Baked goods have been a staple in the quick-serve industry for decades, but innovation in the space has boomed as several operators step up their a.m. offerings to compete in that increasingly lucrative daypart.
Coffee concepts are a natural fit for baked goods. In addition to a morning cup of java, many customers anticipate a variety of baked breakfast items behind the bakery glass case, from syrupy sweet cinnamon rolls to savory crusted quiche.
Displayed inside the case and ready to serve, breakfast items can appeal to customers even beyond the morning hours, says Starbucks spokeswoman Holly Hart Shafer, who adds that breakfast items are popular during the lunch hour at the coffee giant.
Starbucks stocks its bakery case throughout the day, and its Blueberry Oat Bar—blueberries layered on an oat crust with a streusel topping—and Cinnamon Chip Scone are routinely snatched up past noon. The same is true for Starbucks’ grab-and-go breakfast sandwiches, which include the Bacon & Gouda Artisan Breakfast Sandwich on an artisan roll, and the Reduced-Fat Turkey Bacon & White Cheddar Classic Breakfast Sandwich, served on a multigrain English muffin.
“Two-thirds of our customers are not attaching food to their orders, [but] we don’t want them going elsewhere to get it,” Shafer says.
In an attempt to catapult its food offerings to the next level, Starbucks acquired La Boulange, a 21-unit, San Francisco–based bakery chain, last year. The French-style bakery will eventually oversee all of the food at Starbucks.
“We know our customers want a better food experience, and that’s what we’re focusing on,” Shafer says. “We believe La Boulange will get us to a place with food our customers expect from us.”
La Boulange products have rolled out to two markets—San Francisco and Seattle—and will be released more widely in the coming year. The new products have been met with tremendous success, Shafer says. “These products are different. It’s exciting to see the amazing assortment of bakery items,” she says.
Customers can still expect to see their Starbucks favorites, such as the Lemon Loaf Cake, but reimagined by La Boulange, Shafer says. In addition, “you’ll see many different products, like the savory croissants, all of which are a new platform for us. People are eating them for breakfast and lunch.”
The croissant products are all about 300 calories or less. They include the Tomato & Cheese Croissant made with Swiss cheese and herbs in a flaky croissant, and the Wheat Spinach Croissant, a wheat pastry with spinach, shallots, and béchamel sauce.
At Caribou Coffee, every food choice goes back to its beverages. “We always have to complement the already-strong beverage experience,” says Alfredo Martel, senior vice president of marketing and product management for Caribou. “The objective is to produce a high-quality food experience that’s also diverse. By choosing a ciabatta or a country biscuit, we’re going for variety that’s familiar, but with a twist.”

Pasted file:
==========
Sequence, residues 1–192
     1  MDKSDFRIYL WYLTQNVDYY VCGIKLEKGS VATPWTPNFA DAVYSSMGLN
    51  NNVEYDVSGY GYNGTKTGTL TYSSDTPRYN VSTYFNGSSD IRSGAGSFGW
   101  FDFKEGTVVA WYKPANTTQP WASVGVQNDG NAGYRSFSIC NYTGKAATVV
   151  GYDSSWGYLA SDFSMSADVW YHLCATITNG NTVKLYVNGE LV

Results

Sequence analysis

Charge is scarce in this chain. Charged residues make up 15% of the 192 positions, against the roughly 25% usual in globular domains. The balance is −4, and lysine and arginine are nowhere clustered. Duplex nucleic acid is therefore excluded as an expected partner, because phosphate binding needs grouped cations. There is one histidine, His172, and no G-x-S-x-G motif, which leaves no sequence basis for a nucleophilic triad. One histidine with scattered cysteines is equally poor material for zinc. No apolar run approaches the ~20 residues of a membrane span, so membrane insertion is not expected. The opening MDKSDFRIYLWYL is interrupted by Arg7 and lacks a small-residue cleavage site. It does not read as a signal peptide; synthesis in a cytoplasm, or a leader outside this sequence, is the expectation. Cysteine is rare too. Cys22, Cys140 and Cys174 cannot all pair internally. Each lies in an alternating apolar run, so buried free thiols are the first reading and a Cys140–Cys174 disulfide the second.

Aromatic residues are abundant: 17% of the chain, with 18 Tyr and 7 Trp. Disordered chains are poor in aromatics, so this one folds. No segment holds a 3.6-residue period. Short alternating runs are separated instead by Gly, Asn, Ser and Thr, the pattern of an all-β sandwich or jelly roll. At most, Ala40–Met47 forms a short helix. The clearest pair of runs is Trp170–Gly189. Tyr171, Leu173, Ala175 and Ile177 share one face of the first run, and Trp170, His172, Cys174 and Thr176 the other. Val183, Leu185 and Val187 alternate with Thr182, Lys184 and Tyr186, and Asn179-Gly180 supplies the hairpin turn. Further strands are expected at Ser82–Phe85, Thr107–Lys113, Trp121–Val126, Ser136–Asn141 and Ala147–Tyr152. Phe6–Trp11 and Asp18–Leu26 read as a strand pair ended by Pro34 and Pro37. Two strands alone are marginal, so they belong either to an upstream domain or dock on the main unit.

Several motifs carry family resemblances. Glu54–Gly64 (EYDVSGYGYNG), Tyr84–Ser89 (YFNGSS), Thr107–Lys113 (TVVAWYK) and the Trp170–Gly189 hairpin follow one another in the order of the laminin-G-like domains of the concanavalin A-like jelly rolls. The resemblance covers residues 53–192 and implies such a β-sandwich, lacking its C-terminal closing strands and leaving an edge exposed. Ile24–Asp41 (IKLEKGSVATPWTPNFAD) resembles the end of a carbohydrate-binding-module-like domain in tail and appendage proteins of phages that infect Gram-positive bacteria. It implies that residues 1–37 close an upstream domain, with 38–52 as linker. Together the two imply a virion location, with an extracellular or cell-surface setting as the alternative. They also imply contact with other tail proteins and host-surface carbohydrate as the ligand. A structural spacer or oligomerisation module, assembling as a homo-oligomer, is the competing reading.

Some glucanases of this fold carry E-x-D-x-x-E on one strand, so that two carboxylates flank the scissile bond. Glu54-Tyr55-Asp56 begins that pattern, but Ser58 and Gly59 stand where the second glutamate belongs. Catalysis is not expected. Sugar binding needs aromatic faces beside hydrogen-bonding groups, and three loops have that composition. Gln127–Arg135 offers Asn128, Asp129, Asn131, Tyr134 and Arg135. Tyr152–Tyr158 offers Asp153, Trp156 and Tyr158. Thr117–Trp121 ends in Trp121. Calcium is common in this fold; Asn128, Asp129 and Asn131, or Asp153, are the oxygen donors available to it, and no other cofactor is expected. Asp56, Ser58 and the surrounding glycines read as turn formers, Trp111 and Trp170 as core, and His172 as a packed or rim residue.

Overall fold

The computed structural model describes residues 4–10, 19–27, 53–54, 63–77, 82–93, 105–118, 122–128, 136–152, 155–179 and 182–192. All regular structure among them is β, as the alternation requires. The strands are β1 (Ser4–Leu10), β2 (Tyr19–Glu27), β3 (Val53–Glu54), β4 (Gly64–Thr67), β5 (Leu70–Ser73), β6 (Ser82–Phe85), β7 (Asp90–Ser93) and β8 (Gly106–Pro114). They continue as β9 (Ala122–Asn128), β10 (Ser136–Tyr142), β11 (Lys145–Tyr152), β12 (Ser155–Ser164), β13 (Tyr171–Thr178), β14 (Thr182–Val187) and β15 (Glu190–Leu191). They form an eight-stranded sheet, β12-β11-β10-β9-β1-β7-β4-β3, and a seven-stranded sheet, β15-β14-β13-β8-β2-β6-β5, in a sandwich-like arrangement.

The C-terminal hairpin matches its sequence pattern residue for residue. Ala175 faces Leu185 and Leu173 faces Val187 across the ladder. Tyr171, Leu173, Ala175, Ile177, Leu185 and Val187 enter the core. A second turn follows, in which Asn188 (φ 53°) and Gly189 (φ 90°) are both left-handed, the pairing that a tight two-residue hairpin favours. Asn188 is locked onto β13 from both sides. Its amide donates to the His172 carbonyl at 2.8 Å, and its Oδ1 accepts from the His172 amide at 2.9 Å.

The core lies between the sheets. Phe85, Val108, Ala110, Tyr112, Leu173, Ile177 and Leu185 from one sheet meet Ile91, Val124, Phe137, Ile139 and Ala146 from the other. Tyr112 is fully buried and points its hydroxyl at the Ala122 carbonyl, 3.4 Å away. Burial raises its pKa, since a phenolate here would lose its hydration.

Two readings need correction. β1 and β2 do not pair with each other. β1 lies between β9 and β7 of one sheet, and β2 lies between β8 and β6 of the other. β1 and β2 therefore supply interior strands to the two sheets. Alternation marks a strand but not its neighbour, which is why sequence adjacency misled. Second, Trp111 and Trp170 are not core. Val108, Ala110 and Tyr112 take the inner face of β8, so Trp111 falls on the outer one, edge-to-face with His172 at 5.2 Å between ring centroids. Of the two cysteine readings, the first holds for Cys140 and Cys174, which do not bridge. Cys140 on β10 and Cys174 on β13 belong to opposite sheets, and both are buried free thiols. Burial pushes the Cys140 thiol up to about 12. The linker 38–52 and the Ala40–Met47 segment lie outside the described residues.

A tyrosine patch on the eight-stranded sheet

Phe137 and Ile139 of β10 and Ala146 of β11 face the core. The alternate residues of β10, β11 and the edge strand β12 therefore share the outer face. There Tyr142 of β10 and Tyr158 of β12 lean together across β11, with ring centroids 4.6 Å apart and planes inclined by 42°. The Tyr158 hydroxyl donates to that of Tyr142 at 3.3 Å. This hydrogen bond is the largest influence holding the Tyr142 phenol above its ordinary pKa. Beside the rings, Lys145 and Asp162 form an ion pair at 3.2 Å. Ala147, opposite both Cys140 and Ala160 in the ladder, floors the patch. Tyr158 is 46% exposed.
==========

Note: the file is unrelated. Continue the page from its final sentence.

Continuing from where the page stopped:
A sausage sandwich, for example, is something customers expect to see on a breakfast menu. But at Caribou, “we try to elevate the sausage sandwich,” Martel says. “The brioche adds to the character of the familiar, and the chicken apple sausage creates a different flavor note.”
In addition to the Chicken Apple Sausage sandwich, Caribou’s sausage sandwiches include the Sausage Biscuit with egg and cheese on a buttermilk biscuit.
Caribou also launched a new line of quiche this summer as an option that could be vegetarian and serve both breakfast and afternoon dayparts. Keeping with the goal of enhancing the familiar with something new, the Spinach & Cheese Quiche and the Ham & Cheddar Quiche have flavors people know and love, but in a form that’s new, Martel says.
At less than 300 calories per serving, the quiche can be paired with coffee or an espresso beverage during breakfast, or with tea or one of Caribou’s new sparkling beverages during the afternoon. “It’s a lighter experience. It fulfills a mid-afternoon treat,” Martel says.
When it comes to baked goods, he says, there are certain industry standards brands have to have, such as the iconic blueberry muffin. Caribou steps that up by using real berries and no preservatives. The company also introduced a new Monkey Bread product this year, which has already become a top seller. Essentially a pull-apart cinnamon roll, “it’s a familiar flavor note that has been successful. We’ve made it our own by executing it with something distinctive,” Martel says.
Stan Frankenthaler, executive chef at Dunkin’ Donuts, says the company decided to add new baked goods to diversify its doughnut-centric menu. Bakery items are “heartwarming, nostalgic, and comforting,” Frankenthaler says, “and they go great with coffee, hot tea, iced coffee, and frozen beverages.”
Dunkin’ Donuts’ bakery heritage drives the variety and freshness of its selections, he says. “We’re giving tons of choice. Customers like to see new things.”
By offering several different baked carriers, such as croissants, Texas toast, and even doughnuts, Frankenthaler says, the brand is always trying different combinations for sandwich products.